Diwali is one of the most popular festival of India and is celebrated with great enthusiasm and fervor throughout the country. The delight of this festival is is reflected in the soft glow of Diwali lights, Diwali Gifts and the colorful Diwali fireworks. It is also known as the 'Festival of lights' which is celebrated by all age groups with great fervor and gaiety. The festival symbolizes unity in diversity as every state celebrates it in its own special way. The first day of the festival Naraka Chaturdasi marks the vanquishing of the demon Naraka by Lord Krishna and his wife Satyabhama.
Deepawali, like other Indian festivals, signifies many different things to people across the country. On this auspicious day, North India celebrates Rama's homecoming, that is his return to Ayodhya after the defeat of Ravana and his coronation as king. In gujarat, the festival honors Lakshmi, the goddess of wealth. In West Bengal, Diwali is associated with the goddess Kali. In every region, the festival signifies the renewal of life, and accordingly it is common to wear new clothes on the day of the festival. This festival also heralds the approach of winter and the beginning of the sowing season.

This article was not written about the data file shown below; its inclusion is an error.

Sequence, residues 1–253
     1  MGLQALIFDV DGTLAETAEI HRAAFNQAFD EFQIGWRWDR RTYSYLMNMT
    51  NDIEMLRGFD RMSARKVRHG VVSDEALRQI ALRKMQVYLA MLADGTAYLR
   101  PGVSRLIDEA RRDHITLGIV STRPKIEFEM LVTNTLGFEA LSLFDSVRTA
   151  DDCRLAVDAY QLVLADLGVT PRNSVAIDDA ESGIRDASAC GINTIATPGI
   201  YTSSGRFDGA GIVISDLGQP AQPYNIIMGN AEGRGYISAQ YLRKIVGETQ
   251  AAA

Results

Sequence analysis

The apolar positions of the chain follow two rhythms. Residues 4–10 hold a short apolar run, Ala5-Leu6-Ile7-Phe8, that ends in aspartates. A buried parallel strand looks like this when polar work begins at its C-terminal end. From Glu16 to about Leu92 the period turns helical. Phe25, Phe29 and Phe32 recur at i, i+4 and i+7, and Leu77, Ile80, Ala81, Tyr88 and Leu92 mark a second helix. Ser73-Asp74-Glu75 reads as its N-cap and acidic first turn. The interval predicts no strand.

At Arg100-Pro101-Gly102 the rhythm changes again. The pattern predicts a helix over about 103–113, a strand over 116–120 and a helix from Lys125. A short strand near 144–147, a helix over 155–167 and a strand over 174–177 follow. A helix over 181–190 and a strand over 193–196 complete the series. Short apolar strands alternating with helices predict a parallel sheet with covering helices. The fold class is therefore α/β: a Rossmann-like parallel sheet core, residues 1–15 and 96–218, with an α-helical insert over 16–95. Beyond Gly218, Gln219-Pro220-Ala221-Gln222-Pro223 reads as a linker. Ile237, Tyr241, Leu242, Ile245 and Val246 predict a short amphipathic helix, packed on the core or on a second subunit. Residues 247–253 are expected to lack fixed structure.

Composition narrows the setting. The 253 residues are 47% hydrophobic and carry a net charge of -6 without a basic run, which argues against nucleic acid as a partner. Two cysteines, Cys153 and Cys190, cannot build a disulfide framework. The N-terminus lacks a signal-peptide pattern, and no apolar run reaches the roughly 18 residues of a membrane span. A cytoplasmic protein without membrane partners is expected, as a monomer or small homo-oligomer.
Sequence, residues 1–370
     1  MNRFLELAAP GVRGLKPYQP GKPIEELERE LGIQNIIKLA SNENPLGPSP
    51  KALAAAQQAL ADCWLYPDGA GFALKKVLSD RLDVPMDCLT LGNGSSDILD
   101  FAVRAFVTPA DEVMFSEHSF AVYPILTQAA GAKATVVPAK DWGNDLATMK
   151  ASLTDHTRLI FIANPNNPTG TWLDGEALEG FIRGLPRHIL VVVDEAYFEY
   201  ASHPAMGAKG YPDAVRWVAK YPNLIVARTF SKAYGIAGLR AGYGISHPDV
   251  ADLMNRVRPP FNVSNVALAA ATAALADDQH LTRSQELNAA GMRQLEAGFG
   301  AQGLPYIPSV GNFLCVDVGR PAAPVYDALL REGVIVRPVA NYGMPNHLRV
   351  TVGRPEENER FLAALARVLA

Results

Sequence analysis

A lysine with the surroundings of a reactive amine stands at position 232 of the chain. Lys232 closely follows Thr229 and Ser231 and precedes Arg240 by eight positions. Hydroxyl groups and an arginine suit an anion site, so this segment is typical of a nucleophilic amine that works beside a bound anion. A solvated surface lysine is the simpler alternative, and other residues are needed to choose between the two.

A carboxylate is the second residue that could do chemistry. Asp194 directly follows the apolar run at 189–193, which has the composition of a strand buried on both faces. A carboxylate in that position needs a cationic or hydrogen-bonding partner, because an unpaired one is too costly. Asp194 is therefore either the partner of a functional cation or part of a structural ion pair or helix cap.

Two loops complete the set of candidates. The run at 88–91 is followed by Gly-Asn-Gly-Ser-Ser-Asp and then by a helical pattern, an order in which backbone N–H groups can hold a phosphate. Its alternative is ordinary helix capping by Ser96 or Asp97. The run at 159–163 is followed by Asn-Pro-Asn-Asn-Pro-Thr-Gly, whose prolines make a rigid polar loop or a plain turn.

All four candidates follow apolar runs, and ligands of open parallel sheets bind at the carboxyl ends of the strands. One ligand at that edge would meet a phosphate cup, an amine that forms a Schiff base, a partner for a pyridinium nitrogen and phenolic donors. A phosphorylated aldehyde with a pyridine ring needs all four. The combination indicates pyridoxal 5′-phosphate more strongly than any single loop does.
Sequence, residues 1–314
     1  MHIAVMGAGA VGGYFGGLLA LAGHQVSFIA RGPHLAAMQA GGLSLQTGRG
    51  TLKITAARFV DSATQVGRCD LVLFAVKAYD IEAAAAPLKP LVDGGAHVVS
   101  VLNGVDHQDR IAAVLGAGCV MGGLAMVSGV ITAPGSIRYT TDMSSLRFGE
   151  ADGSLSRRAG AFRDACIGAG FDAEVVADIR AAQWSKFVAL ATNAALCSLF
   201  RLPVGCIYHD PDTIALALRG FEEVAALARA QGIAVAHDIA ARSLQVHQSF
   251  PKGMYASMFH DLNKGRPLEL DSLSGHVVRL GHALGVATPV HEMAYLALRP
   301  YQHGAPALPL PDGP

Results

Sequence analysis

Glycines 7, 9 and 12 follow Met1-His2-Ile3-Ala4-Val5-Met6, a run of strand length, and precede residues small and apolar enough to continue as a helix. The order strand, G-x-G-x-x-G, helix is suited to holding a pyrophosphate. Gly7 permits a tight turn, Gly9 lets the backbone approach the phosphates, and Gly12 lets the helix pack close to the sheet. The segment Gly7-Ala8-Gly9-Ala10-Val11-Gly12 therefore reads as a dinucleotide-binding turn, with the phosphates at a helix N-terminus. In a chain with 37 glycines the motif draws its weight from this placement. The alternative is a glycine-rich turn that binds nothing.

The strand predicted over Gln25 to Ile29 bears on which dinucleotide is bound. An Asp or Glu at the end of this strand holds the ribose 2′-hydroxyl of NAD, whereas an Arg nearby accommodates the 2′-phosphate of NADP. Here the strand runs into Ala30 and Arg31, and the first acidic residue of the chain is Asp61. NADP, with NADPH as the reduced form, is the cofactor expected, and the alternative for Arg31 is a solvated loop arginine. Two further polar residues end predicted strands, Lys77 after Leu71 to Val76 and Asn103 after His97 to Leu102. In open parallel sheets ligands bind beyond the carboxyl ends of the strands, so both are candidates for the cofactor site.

Some family celebrate this festival with religious fast and other rituals while for others it is primarily a social occasion with visiting relatives and friends, exchange of sweets and food items, and a time of giving and receiving new clothes or utensils for the year. Every region and family has its own way to celebrate this festival of Diwali.
Indian merchants begin their fiscal year at this time and are particularly interested in attracting the good graces of the Goddess. Similarly, gambling is a favourite past time during this festival because it is believed that the winner will have financial success during the year. Some families keep a special box for Goddess Laxmi and drop a silver or gold coin.